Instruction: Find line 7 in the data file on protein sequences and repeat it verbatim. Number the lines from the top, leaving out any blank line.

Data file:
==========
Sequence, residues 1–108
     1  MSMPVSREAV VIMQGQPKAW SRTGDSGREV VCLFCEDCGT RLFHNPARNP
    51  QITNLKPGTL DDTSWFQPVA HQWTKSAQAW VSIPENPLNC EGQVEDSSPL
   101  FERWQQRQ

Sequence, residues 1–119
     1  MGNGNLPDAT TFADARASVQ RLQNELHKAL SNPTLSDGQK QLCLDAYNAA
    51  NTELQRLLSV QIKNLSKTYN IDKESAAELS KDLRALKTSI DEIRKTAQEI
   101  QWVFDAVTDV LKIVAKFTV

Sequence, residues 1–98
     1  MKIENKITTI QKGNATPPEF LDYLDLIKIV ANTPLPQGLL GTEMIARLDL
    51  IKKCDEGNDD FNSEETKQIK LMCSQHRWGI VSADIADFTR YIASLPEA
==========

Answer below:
    51  NTELQRLLSV QIKNLSKTYN IDKESAAELS KDLRALKTSI DEIRKTAQEI